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jtroster
03-01-2005, 05:25 AM
Looking through this forum there are a lot of threads about various forms of tendonitis. It looks like as we age we can still train our muscles to greater strengths but our tendons and ligaments don't seem to increase in strength at the same pace.

I tend to get flare-ups of tendonitis in two areas - the upper bicep tendon and the patellar tendon just below the knee. These areas get sore whenever I make a new personal best. Then its lower weights, stretching, icing and Advil until the tendons strengthen.

So has anyone any ideas on how to train so that your tendons gain strength to avoid the flare ups?

A.FreeRadical
03-01-2005, 05:34 AM
I have been fairly fortunate since starting to workout last May. I injured my elbow tendon (tennis elbow) early on and I still have to baby that elbow. Other than that, I have only had minor and temporary soreness in tendons, joints, ligaments. I think the best remedy is prevention.

I do lots of warmups, I work my way up to my max set with acclimation sets and I don't do any major weight changes for my max attempts. (only 5-10 lb jumps after stabilizing the last max).

I take 3-4 glucousamine/chondroitin/MSM per day. I also take 6 fishoil gels per day. Dispite working out hard, I am very cautious in what I do. I know one moment of stupidity or carelessness and I am out of the gym longer than I want.

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aA.FreeRadical a
Visit my 8 week cutting journal. http://forum.bodybuilding.com/showthread.php?t=382697

Joe50
03-01-2005, 06:11 AM
Next question please http://www.bodybuilding.com/fun/drobson18.htm

Just kiddin, I looked up the same question yesterday

jtroster
03-01-2005, 06:23 AM
Joe50,

I read that article. It essentially recommends sets of heavier weights with a short range of motion. My experience with squats is that when I increase the weight I can't do a full range of motion and the increase of weight that triggers the tendonitis.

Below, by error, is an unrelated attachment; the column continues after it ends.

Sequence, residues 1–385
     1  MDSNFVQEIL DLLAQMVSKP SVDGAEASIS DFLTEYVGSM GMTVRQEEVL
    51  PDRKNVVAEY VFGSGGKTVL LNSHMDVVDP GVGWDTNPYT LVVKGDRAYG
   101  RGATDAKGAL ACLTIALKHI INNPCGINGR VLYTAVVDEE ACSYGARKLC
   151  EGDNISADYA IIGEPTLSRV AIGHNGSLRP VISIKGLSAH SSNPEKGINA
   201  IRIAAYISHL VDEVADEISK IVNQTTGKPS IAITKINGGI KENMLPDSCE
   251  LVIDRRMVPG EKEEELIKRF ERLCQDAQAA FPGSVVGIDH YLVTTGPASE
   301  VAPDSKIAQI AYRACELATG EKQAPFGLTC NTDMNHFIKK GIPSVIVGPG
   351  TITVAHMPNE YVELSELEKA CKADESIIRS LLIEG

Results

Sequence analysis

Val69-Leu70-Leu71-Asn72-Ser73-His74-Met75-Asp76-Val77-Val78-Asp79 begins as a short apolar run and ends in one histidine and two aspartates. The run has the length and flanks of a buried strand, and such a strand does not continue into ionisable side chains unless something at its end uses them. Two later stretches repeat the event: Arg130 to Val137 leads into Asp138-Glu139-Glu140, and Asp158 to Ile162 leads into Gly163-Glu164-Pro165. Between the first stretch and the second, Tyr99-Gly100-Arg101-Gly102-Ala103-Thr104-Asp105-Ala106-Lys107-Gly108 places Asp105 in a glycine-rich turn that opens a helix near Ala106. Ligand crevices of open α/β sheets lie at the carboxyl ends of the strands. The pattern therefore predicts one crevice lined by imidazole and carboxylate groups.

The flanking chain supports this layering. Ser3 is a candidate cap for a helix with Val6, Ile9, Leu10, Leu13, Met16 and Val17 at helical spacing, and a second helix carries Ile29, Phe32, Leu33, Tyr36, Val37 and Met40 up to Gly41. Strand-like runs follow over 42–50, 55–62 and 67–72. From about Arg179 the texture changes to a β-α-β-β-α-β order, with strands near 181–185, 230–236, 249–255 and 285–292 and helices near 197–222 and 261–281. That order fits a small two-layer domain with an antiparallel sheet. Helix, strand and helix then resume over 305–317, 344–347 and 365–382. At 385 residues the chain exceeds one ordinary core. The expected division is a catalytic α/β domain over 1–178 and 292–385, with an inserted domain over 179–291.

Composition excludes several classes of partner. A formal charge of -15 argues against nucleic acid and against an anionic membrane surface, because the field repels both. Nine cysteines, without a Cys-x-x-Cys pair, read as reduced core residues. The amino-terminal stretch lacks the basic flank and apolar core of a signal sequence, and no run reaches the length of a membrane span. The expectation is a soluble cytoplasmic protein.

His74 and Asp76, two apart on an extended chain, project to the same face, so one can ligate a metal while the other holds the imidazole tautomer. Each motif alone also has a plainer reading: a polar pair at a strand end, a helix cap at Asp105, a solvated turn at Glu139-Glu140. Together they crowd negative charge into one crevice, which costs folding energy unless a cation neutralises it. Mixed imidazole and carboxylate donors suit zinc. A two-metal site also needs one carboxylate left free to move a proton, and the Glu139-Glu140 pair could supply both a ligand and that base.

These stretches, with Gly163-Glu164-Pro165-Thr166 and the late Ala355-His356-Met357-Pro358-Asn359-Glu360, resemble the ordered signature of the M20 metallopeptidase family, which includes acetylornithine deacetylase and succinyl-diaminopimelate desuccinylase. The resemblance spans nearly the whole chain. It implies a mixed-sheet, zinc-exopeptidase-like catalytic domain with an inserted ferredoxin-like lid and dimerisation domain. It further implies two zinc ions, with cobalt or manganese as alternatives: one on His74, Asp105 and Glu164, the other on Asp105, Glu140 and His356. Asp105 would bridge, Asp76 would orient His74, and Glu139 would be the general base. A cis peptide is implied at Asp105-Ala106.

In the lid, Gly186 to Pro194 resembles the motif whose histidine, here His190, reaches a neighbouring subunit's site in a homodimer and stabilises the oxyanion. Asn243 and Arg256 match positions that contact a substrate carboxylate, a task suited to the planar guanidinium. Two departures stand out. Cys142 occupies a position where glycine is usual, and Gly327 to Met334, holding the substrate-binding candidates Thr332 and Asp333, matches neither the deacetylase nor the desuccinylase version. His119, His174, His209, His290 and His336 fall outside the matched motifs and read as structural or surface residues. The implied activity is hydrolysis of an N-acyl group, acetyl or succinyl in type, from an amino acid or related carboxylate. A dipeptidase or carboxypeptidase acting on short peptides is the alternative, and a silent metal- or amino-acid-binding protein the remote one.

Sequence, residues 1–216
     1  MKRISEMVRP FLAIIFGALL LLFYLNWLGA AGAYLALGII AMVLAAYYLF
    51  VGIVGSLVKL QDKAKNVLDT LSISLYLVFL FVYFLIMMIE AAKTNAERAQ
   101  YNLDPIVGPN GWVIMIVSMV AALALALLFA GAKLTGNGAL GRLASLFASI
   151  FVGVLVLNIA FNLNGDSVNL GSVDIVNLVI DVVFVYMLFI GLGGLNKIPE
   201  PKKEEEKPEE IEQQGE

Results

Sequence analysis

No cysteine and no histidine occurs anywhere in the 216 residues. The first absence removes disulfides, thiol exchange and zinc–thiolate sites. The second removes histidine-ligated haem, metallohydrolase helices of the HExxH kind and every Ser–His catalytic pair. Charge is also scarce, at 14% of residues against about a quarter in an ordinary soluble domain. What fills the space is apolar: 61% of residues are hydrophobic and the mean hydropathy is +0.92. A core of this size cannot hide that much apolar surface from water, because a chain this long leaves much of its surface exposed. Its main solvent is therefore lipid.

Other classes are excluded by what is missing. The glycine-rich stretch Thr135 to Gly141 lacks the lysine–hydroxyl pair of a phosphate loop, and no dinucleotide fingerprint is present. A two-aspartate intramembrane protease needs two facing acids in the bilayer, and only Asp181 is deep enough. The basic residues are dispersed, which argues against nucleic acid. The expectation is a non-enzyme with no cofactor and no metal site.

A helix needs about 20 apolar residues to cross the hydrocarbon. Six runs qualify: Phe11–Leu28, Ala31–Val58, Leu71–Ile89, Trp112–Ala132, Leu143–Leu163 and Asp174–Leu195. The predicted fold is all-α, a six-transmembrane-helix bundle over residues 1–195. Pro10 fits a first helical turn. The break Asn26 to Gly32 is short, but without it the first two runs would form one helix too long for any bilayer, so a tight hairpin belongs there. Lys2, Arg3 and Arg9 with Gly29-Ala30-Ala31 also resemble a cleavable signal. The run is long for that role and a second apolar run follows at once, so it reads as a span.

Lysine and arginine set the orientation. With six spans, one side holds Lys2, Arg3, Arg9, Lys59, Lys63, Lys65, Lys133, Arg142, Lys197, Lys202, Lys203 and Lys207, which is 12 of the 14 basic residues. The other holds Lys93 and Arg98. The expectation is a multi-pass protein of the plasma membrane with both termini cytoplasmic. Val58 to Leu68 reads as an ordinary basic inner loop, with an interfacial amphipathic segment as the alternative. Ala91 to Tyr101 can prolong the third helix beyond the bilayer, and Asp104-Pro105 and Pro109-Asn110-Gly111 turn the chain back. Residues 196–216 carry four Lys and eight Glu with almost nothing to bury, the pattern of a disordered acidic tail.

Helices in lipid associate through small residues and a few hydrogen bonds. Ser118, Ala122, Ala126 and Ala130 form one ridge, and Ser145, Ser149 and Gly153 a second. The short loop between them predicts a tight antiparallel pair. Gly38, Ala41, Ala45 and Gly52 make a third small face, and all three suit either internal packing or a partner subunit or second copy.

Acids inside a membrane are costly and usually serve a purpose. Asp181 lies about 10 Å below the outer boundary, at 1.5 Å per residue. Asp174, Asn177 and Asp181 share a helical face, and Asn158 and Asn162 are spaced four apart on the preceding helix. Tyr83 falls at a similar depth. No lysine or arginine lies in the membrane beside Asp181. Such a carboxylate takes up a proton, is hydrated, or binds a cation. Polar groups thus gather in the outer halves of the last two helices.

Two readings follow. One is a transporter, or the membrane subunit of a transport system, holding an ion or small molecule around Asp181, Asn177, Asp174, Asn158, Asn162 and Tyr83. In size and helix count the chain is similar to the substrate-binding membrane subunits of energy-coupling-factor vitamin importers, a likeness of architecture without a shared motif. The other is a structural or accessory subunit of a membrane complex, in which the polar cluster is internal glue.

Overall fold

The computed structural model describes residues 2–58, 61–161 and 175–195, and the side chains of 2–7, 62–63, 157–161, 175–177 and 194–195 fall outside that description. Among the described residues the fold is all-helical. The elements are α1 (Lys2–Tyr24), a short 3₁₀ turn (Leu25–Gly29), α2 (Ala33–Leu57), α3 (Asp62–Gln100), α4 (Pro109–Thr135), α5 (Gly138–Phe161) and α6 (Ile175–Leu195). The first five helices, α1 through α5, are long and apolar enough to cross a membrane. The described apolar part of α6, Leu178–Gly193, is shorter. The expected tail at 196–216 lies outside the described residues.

So while good information I think that us more mature lifters need a different approach. I tend to agree with A.FreeRadical that a good warmup with stretching really helps. When my bicep tendon starts to act up I warm up with light flat flys with emphasis on the stretch.

As for sups I do take glucousamine/chondroitin/MSM and fishoil but not the same amount as A.FreeRadical. I'll try increasing the dosage and see if it helps.

fitnessman
03-01-2005, 06:33 AM
I agree with Rad...I do quite a few warm ups before going heavy. The BP for example I most often do four warm ups.

Of course "they" say thats too many........But better than a injury!!

MAXIMILLION
03-01-2005, 09:09 AM
Looking through this forum there are a lot of threads about various forms of tendonitis. It looks like as we age we can still train our muscles to greater strengths but our tendons and ligaments don't seem to increase in strength at the same pace.

I tend to get flare-ups of tendonitis in two areas - the upper bicep tendon and the patellar tendon just below the knee. These areas get sore whenever I make a new personal best. Then its lower weights, stretching, icing and Advil until the tendons strengthen.

So has anyone any ideas on how to train so that your tendons gain strength to avoid the flare ups?the number one side effect from AS abuse is connective tissue damage. muscle grows at a fast rate and does not attach right . a steroid strengthened muscle attached to weak ligaments,tendons = ripp. bicep tendom problems are common even amongst naturals. now lets look at the older bb,ers and powerlifters they focused on connective tissue strength. becuase muscle could not be built at a fast rate like they can do now. now things like hgh can enhance these tissues , but they make muscle growth even more so tears are still occuring. now one supplement that helps is msm directly building up connective tissues. and the pain people feel is from the tendon not muscle . so building strong tendons will come from training them, you say how do i train them. by staying away from AS and lifting heavy and then recovering from time off. just like tearing muscle down small tears in the tendons will over compensate and build up like welding a plate on a beam it gives more support. but AS abuse takes the flexibility out of tendon so at breaking point it ripps instead of stretching a little . most guys who achieved greatness were retired early becuase of crippling ripps. zane ripped pec,dorian ripped triceps,platz ripped bicep,AND MORE DON YOUNGBLOOD who beat out vince taylor for masters olympia . tore tricep and had it attached with screw so he could compete in the olympia . and yes any time you increase weights you will have tenderness in the connective tissues. but you could you image gaining 25 pounds and increasing bench 50 and curls 25 this equates to ripp . and all this done in 6 weeks OUCH!!!!!